Exiting from an initiative is an inevitable part of philanthropy. Yet the process is too often treated as an afterthought, and funders rarely devote enough time to planning for and working through the tensions and issues that arise. Pointing to a lack of consistency around exit planning, Jaffe and Mackinnon (2007) write, "Exiting tends to be regarded as something discrete and separate, a phase in the life of a grant or program that is fundamentally different from what comes before" (p. 2).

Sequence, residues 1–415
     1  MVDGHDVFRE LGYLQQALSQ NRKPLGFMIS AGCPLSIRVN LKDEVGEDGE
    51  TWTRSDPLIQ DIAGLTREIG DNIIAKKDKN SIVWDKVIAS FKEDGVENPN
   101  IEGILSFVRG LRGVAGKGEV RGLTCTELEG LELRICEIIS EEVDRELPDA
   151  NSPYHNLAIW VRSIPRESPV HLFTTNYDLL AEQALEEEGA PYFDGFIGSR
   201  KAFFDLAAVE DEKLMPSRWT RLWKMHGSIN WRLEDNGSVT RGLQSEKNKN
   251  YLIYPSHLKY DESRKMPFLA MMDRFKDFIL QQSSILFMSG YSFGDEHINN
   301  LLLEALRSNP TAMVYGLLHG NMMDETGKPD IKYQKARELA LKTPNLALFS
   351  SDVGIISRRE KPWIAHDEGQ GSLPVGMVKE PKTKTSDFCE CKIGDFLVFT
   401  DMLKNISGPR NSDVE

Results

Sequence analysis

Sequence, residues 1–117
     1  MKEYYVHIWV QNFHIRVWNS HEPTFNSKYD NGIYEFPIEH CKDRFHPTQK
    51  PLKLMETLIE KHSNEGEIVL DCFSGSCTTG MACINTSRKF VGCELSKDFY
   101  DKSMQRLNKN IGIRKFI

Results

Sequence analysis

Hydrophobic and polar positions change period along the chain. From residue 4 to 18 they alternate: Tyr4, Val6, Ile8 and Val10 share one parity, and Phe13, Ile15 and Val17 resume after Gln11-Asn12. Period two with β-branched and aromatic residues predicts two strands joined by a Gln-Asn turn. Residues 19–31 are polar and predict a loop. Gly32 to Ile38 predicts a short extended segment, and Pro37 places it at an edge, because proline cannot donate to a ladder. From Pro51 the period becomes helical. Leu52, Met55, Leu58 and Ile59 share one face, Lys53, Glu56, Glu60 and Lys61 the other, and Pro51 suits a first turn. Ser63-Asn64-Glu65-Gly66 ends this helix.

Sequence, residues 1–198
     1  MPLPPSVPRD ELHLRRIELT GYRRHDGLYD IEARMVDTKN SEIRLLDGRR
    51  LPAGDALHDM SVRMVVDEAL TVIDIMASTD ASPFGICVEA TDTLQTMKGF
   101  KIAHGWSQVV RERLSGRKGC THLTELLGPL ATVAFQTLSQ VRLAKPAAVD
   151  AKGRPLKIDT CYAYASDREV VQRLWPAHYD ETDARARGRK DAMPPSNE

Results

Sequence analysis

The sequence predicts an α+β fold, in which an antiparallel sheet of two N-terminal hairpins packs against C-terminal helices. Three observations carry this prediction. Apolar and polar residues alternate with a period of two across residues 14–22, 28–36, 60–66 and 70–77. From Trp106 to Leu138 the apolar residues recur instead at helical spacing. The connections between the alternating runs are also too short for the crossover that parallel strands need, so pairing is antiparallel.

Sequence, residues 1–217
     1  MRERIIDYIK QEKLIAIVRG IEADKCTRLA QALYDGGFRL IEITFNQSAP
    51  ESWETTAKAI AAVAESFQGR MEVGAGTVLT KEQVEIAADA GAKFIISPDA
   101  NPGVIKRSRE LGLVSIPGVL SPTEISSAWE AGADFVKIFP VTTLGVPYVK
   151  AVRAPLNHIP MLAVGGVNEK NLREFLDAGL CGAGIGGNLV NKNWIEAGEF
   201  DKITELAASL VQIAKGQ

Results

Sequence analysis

Among the studies on foundation exits, research tends to focus on how funders can exit from specific grants or programs (Association of Charitable Foundations, 2012; Kerhoven & Herweijer, 2013). A few focus on strategies for exiting from a field or on spend-down foundations specifically (Fleishman, 2011; Jaffe & Mackinnon, 2007; Petrovich, 2011; Gardner, Greenblott, & Joubert, 2005; Markham & Ditkoff, 2013; Ostrower, 2009, 2011). To date, however, no studies have examined how funders have managed to effectively exit from major, time-limited, place-based initiatives that aimed to simultaneously change policies and systems at multiple levels.